Andretti says control, not money, stopped Alfa Romeo F1 buy-in

Michael Andretti has refuted rumours that his plans to enter Formula 1 with Sauber-owned Alfa Romeo hit a financial roadblock, and instead says it was about control of the team.

Andretti says control, not money, stopped Alfa Romeo F1 buy-in

Speaking at the announcement that Devlin DeFrancesco will complete the team’s four-entry IndyCar line-up for 2022, the Andretti Autosport CEO opened up on the negotiations  to secure a stake in the Swiss F1 team. 

“I’d just like to put an end to some of these rumours that the deal fell through because of financial reasons. That couldn’t be further from the truth. It had nothing to do with that," said Andretti.

“It basically came down to control issues in the final hours of the negotiations. That's what killed the deal.

“I've always said if the deal is not right, we're not going to do it, and in the end it wasn't right. So we continue to look for other opportunities.”

Andretti later added: “Unfortunately at the 11th hour, control issues changed, and it was a deal that we had to step away from because we couldn't accept it. I always said that we're only going to do it if it's right for us, and in the end it wasn't right for us.”

Asked by AP to clarify if he meant that Andretti Autosport was expected to “buy it and not control it”, Andretti nodded and said, “Basically.”

Colton Herta, Andretti Autosport w/ Curb-Agajanian Honda

Colton Herta, Andretti Autosport w/ Curb-Agajanian Honda

Photo by: Jake Galstad / Motorsport Images

Andretti, who has 42 wins to his name in IndyCar, publicly confirmed for the first time that transferring Colton Herta from U.S. open-wheel to Formula 1 had indeed been part of his expansion plan.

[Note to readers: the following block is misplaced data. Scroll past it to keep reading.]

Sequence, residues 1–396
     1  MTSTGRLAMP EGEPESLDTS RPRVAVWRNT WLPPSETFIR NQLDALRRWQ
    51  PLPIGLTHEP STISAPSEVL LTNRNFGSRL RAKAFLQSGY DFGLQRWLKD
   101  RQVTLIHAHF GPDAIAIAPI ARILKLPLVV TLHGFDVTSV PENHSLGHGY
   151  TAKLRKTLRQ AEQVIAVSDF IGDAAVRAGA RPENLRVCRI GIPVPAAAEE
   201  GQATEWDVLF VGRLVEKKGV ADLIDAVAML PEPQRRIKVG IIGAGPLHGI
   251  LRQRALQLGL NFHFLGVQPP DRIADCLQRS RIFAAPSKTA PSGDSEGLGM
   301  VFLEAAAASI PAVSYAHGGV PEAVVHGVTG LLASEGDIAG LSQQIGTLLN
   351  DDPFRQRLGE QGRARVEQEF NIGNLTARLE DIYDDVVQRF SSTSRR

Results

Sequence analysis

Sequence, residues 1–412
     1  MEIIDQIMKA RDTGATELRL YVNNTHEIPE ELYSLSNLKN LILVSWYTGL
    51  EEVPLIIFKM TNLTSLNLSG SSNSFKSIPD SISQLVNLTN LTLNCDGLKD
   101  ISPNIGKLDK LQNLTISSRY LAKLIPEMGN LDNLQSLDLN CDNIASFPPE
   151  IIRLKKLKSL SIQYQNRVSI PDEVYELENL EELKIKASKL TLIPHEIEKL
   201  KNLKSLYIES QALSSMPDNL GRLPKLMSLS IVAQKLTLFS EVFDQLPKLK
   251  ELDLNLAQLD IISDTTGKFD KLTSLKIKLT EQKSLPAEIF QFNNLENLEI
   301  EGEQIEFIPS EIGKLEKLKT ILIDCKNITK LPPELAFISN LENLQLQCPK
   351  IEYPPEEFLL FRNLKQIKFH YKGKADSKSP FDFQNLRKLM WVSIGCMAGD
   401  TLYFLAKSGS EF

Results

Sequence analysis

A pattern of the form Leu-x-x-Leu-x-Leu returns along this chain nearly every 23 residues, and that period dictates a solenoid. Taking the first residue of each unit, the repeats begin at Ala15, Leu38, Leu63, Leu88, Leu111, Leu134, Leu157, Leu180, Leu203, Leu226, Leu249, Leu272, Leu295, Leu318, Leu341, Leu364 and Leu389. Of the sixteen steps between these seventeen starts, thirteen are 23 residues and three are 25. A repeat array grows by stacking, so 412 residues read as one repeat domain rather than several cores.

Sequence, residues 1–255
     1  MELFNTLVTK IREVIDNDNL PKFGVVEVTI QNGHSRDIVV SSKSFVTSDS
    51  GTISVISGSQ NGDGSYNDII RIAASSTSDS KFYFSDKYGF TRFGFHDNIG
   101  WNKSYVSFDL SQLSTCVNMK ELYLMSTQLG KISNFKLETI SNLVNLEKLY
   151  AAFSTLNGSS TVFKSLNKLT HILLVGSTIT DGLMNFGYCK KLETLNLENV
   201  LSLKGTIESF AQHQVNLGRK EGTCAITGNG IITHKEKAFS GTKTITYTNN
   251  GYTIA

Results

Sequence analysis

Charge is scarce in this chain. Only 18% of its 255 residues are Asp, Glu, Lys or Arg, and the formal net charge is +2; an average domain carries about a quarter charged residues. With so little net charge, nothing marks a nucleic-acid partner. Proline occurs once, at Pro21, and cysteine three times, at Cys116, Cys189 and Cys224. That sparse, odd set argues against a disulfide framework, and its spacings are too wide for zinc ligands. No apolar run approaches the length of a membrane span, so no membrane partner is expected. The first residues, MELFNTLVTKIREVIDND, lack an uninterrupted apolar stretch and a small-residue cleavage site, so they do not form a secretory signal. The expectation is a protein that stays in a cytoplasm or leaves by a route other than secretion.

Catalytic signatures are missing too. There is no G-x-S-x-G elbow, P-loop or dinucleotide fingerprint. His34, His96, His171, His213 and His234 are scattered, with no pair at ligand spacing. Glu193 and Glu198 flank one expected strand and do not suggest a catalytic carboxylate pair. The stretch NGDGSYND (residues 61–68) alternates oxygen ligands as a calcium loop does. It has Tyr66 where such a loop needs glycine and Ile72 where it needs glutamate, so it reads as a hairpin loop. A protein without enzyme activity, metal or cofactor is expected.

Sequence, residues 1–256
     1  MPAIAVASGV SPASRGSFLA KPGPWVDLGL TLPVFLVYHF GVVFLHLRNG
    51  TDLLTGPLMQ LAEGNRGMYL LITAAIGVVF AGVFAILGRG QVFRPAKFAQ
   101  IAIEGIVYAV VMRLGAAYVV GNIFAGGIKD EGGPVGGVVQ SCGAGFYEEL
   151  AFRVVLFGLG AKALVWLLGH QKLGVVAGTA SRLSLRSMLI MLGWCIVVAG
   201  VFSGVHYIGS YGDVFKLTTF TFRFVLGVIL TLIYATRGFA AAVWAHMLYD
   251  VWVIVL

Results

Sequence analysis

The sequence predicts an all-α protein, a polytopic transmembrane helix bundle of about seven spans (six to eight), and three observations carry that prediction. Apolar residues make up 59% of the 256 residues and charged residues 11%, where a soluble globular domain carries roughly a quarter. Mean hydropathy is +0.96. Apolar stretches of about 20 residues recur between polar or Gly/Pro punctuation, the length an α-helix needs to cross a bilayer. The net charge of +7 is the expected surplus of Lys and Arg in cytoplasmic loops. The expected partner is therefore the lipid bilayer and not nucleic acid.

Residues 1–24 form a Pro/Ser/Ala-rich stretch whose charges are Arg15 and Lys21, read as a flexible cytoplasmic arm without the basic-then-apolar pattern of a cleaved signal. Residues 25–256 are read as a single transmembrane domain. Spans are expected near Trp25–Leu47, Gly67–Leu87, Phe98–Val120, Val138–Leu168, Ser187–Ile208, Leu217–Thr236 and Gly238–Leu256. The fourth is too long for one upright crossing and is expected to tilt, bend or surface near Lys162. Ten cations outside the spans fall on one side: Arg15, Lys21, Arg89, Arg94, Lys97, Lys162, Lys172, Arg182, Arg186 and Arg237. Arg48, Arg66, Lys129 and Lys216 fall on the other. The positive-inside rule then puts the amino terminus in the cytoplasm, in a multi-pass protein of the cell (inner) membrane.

“Obviously if we do ever get a team, [Herta] would lead the way for us in terms of wanting to bring an American driver,” he said.

“He'd be the perfect guy to do it. I mean, we definitely were going to try to get him into the seat because I believe he could be a competitive driver in Europe. I really do. There's no reason why he wouldn't.”

He agreed that there was plenty of enthusiasm in F1 for an American and the return of the name Andretti, but that Liberty had not been actively involved in trying to make it happen.

“Liberty? No,” he commented. “I think they would like it, obviously, because they're really pushing the American market, but they weren't doing anything to help us… I think it would have been a huge story. It's a shame it didn't work out. But I don't give up…

“Our eyes are always going to stay open. We're always going to look for opportunity there… not just there but in other formulas, as well, other types of racing. That's what we do. We're in the racing business, and we're always looking for opportunities to expand.

“But when we do expand, we have to make sure that it's a proper deal that we know we can be competitive because that's very important for our brand – to be competitive in anything that we do.”

Andretti also confirmed that had Herta been switched to Formula 1, 2021 Indy Lights champion Kyle Kirkwood would have taken his place in the team’s IndyCar line-up.

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